If your spouse owns a business or has an occupation that generates cash that may not be easily traceable, your divorce lawyer can also help you to engage a forensic accountant to look for evidence of additional income. A forensic accountant can similarly value a business your and or your spouse own.
Finally, don’t overlook hobbies or side hustles that might have expensive equipment associated with them or generate income.
Feeling overwhelmed or not sure about what documents you need to collect? Use the following checklist for added direction.
❏ Home equity line(s) of credit (HELOC)
❏ Personal property
❏ Real estate interests
❏ Farm equipment
❏ Bank accounts
❏ Birth certificates
❏ College savings plans
❏ Investment accounts
❏ Report cards and school records
❏ 529 plans
❏ Credit card accounts
❏ Debt records
❏ Employment records and paystubs
❏ Financial records (i.e., bank statements and loan information)
❏ Income tax returns for the prior three to five years
❏ Investment account statements
❏ Pension plan information
❏ Retirement savings accounts
❏ Social security statements
❏ Annulments (from any previous marriages
❏ Birthdates for you and your spouse
❏ Divorce decrees (from any previous marriages)
❏ Internet history related to children or finances (emails, texts)
❏ Judgments and pleadings involving you or your spouse
❏ Life insurance policies (including those from either spouse's employer)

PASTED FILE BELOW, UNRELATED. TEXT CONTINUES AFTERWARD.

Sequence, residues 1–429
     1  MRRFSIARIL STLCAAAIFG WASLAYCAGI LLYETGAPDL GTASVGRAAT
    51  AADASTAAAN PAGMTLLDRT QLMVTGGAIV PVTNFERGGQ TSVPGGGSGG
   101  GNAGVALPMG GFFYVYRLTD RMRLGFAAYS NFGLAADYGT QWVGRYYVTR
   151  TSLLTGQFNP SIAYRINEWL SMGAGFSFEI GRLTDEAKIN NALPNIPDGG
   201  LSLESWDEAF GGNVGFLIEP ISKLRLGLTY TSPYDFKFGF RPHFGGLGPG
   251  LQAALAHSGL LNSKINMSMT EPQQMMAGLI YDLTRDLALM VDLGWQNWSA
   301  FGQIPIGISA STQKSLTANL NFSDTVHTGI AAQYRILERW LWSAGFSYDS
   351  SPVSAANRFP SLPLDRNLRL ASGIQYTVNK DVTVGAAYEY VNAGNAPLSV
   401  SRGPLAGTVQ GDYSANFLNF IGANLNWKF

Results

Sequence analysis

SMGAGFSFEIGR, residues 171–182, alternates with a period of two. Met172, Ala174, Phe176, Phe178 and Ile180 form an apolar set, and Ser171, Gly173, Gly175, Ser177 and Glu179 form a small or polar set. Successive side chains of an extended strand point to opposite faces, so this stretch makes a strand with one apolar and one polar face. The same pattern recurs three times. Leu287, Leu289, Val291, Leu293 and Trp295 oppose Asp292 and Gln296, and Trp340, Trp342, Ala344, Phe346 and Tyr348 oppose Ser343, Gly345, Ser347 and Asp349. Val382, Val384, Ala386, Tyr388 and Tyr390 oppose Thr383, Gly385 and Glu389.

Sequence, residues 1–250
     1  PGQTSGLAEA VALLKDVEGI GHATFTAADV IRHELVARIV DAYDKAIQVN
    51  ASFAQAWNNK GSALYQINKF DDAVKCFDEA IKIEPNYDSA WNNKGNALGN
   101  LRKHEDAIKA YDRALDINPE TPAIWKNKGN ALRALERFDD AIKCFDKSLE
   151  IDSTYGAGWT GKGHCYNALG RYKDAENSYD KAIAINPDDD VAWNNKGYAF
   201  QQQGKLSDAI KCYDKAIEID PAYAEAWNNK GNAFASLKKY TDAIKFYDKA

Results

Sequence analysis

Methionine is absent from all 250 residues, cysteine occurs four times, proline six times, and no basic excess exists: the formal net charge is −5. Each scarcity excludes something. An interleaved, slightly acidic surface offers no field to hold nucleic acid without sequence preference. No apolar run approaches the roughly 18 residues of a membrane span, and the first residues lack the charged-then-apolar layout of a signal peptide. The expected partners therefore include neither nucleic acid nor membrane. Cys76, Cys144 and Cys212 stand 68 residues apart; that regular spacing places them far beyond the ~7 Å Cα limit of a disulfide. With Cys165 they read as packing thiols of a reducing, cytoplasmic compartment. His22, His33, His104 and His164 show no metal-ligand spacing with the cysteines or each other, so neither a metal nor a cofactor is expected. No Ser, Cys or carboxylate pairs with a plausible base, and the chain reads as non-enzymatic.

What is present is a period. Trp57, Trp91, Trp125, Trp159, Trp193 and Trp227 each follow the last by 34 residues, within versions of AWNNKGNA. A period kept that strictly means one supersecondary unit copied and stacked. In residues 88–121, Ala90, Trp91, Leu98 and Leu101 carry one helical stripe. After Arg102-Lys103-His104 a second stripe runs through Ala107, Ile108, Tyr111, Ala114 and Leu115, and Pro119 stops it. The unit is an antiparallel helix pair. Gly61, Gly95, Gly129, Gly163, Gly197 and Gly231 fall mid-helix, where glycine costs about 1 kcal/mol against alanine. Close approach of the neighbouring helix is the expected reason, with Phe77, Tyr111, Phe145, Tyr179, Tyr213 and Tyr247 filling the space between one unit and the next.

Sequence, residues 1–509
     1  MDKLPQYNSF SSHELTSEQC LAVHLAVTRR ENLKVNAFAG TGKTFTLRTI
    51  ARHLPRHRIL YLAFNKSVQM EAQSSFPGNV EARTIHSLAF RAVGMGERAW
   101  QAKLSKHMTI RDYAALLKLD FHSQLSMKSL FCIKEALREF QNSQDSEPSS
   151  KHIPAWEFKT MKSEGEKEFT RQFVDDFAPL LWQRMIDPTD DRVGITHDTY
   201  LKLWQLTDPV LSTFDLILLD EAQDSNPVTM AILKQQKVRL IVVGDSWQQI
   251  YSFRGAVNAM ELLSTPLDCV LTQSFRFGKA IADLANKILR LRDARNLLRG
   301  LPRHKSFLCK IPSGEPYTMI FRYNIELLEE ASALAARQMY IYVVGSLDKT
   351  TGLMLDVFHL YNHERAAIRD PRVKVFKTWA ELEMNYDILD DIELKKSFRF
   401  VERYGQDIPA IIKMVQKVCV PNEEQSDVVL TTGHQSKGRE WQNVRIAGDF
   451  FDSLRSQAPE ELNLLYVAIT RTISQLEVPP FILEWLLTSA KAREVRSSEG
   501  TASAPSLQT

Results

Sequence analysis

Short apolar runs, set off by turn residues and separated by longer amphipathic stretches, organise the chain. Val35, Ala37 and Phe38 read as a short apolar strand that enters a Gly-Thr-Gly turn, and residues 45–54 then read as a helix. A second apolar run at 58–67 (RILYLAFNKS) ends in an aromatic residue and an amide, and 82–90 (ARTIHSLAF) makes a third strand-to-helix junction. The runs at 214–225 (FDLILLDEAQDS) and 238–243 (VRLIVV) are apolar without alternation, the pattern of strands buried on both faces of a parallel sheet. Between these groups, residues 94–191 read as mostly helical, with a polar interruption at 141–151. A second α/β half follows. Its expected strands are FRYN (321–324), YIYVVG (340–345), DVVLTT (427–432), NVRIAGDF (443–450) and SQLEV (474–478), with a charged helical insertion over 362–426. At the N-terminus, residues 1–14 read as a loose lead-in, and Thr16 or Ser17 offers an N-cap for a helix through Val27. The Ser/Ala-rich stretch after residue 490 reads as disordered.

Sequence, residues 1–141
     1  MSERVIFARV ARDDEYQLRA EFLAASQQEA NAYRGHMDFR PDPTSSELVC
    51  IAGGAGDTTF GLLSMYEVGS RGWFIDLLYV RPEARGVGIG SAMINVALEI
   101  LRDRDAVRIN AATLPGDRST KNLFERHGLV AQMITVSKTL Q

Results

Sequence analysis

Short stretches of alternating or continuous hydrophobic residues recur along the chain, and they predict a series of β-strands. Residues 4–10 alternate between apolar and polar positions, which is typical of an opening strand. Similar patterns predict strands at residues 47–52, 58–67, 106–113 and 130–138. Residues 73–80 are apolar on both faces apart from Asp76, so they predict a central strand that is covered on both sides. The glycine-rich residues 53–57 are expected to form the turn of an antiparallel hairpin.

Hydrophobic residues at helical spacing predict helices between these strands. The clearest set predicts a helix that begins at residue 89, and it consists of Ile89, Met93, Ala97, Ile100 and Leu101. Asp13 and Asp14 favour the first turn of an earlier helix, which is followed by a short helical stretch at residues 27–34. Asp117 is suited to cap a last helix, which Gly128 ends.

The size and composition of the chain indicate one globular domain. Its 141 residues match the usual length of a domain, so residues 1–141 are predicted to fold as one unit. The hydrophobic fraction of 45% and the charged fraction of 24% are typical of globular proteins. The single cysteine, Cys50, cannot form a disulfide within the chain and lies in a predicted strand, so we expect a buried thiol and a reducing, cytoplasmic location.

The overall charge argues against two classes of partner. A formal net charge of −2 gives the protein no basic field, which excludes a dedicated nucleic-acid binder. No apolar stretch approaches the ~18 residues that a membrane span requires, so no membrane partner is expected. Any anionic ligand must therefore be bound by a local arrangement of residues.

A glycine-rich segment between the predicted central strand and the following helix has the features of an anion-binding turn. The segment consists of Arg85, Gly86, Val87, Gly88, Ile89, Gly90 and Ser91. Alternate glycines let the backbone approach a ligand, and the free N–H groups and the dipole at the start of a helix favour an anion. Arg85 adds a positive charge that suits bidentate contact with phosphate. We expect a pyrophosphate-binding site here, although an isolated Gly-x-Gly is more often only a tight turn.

❏ Marriage certificate
Educate yourself on personal finances.
Being in the dark about money can cost you. Spouses who handle all of the finances during their marriage generally have an advantage over those who don’t. That said, if your spouse had control over your marital finances, let today become the day you take control of your life.
The best way to do that is to become educated about personal finances. From the various types of bank accounts that you can have and what it means to balance a checkbook and pay monthly bills according to a budget to how you can plan for retirement and apply for medical insurance independent of your spouse, among other topics, there is much to learn. But once you do, you can gain a sense of control over your life that you never knew before.
A financial professional, perhaps a certified divorce financial analyst (“CDFA”) or a financial planner, in addition to your divorce attorney, can help educate you. You won’t learn everything overnight, but the sooner you get started, the easier it will be.
Accept that both sides usually have to make some financial sacrifices during a divorce.
A “good” settlement doesn’t mean that you walk away with everything you had expected when you first entered negotiations. What it does mean is that each party leaves with some of their wishes fulfilled and an understanding of why others weren’t. In other words, you and your spouse will likely have to make concessions during the divorce process and adjustments in your post-divorce lifestyles.
This is all made easier when you have an understanding of your financial picture before your divorce, during the divorce process, and after your divorce is finalized. If there are missing pieces of the puzzle, move forward from where you are today. This is how to build a financially sound future.
Meet with an attorney for a confidential assessment.
Divorce can be an emotionally and financially taxing process for everyone involved. However, by having thorough and clear documentation of your shared and personal assets and developing financial literacy as an independent person, you can set yourself up for financial success post-divorce.
Just as importantly, if you are worried about your financial stability, remember that you have options other than remaining in an unhappy and unfulfilling marriage. At Farias family law, our experienced family law attorneys can help you assess those options and plan for tomorrow and many tomorrows to come. Conctact our office today.